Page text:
Hopefully future dentists will be able to fully control tooth growth, either initiating or stopping it at their will. Dentures could then be the carbon paper of the future — rare and obsolete.
Image: Wikiimedia Commons
Scientists still don’t know why hundreds of baby southern right whales are turning up dead around Patagonia, a decade after observers first saw signs of the worst die-off on record for the species, according to the Wildlife Conservation Society (WCS).
With no evidence of infectious diseases or deadly toxins in whale tissue samples, scientists are scrambling to determine a cause of death. Some are even pointing a finger at blubber-eating birds.
The whales come to the peaceful Atlantic bays around Peninsula Valdes along Argentina’s Patagonian Coast to give birth and raise their young. At least 605 dead right whales have been counted in the region since 2003, WCS officials say. Of those, 538 were newborn calves. Last year, the mortality event was especially severe, with a record-breaking 116 whale deaths, 113 of them calves. [Whale Album: Giants of the Deep]
“In 2012 we lost nearly one-third of all calves born at the Peninsula,” said Mariano Sironi, scientific director of the Instituto de Conservacion de Ballenas in Argentina. “Southern right whales have their first calf when they are nine years old on average. This means that it won’t be until a decade from now that we will see a significant reduction in the number of calves born, as all of the female calves that died will not be contributing any new offspring to the population,” Sironi, who is also an advisor to the Southern Right Whale Health Monitoring Program, added in a statement.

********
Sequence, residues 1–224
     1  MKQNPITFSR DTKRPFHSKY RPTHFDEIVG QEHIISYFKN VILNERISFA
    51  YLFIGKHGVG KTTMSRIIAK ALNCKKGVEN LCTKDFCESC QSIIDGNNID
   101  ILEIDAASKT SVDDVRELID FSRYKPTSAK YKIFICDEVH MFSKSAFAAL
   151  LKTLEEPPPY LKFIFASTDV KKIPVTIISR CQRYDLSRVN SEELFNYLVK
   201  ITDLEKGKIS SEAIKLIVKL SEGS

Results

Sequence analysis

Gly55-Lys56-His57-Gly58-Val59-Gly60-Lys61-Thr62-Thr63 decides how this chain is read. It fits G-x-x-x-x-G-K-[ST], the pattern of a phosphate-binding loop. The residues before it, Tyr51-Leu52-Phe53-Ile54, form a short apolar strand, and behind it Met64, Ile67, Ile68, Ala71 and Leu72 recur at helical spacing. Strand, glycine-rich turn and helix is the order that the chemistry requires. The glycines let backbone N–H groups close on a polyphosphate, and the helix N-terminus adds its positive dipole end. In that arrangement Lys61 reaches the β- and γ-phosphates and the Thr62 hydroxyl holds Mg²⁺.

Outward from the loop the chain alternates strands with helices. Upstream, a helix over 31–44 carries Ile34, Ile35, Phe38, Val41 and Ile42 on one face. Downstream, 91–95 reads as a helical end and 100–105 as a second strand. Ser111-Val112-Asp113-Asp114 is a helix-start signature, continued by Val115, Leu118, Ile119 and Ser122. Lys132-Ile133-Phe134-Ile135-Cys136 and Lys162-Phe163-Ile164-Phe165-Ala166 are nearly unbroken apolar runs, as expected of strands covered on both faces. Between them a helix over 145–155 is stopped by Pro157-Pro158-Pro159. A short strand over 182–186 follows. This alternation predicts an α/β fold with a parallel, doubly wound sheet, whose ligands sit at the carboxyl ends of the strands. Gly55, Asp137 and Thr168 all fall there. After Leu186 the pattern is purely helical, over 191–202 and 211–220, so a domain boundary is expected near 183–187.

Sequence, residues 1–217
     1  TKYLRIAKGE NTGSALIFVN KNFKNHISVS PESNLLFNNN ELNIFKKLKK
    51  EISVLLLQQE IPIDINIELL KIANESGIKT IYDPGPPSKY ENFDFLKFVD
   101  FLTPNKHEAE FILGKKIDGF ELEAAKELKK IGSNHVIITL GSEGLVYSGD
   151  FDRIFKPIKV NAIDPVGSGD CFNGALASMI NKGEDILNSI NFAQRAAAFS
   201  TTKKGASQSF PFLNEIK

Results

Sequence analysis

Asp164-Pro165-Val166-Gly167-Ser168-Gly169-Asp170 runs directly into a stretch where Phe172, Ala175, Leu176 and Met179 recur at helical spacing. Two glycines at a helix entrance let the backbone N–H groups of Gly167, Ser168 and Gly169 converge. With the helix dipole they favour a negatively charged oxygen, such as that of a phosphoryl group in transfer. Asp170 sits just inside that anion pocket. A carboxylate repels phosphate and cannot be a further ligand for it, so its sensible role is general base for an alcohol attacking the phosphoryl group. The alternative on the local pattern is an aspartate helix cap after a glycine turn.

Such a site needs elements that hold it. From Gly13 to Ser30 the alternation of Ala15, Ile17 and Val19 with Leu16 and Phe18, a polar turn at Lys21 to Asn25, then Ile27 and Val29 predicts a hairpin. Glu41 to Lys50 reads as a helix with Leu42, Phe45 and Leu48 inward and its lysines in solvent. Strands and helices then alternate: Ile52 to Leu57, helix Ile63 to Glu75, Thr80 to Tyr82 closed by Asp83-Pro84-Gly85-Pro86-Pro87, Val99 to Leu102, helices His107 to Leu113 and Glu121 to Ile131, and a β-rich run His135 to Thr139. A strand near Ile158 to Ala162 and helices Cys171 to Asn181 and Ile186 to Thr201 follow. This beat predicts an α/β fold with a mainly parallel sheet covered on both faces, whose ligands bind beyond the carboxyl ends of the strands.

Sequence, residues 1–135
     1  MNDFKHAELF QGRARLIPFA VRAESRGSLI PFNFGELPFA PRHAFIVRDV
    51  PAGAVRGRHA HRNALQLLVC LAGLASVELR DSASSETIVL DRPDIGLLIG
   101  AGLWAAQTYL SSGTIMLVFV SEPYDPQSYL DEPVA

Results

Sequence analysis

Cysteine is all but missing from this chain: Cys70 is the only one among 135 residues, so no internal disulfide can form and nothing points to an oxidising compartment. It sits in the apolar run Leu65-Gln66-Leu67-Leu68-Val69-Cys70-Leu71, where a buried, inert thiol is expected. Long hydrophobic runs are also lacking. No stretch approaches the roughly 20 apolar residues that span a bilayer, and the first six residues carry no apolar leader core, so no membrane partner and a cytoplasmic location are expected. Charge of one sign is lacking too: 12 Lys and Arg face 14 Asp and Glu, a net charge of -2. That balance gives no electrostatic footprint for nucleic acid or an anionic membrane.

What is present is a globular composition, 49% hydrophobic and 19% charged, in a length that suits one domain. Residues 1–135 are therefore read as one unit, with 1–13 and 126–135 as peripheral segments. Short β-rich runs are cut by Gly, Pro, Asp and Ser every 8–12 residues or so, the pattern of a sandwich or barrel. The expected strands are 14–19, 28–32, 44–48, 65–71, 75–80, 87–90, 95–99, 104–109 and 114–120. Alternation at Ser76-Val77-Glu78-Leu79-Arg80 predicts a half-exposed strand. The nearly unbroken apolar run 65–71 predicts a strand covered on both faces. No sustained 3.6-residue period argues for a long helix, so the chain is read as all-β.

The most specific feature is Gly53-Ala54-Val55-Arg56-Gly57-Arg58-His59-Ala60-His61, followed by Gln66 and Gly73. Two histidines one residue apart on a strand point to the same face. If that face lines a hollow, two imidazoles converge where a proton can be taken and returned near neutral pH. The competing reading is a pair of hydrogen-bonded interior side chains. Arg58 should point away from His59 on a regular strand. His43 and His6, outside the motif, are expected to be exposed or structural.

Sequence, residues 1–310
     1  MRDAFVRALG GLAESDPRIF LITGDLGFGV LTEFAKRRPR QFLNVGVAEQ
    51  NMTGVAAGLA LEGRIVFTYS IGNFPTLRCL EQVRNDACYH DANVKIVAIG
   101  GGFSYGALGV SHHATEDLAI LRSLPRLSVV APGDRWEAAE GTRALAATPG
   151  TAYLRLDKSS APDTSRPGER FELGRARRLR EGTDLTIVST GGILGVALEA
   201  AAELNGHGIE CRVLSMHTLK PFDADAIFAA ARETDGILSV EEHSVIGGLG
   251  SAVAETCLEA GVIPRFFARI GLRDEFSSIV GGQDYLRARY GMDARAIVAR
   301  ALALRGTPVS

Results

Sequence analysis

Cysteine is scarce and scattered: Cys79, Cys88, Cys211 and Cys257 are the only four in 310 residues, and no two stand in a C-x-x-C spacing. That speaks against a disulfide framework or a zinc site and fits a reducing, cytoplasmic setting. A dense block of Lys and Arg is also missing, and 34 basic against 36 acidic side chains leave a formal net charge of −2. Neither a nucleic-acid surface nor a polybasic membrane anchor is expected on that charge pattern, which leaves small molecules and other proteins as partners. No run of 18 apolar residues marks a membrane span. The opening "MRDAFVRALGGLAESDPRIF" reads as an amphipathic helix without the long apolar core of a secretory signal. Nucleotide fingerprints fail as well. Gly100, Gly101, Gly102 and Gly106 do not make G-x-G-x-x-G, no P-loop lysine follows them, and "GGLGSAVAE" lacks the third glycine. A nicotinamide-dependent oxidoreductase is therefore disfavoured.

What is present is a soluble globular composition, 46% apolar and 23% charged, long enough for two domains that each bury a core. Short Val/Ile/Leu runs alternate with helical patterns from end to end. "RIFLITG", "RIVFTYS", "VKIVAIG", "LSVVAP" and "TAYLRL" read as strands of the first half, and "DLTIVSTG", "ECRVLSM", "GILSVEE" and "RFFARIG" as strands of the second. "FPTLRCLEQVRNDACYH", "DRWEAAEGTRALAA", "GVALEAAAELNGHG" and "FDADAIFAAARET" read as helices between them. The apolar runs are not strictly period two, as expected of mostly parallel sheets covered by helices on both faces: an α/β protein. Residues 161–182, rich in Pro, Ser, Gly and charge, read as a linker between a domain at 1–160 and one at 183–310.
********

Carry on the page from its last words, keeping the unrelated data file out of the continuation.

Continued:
Sironi and colleague Vicky Rowntree, who is co-director of the monitoring program, have studied a strange phenomena that could be stressing southern right whales. They say kelp gulls at Peninsula Valdes land on the backs of the cetaceans to eat their skin and blubber.
“The attacks are very painful and cause large, deep lesions, particularly on the backs of young 2-6 week-old calves,” the researchers said in a statement from WCS. “This harassment can last for hours at a time. As a result, right whale mothers and their calves are expending much precious energy during a time of year when mothers are fasting and at a site where little to no food is available to replenish fat reserves.”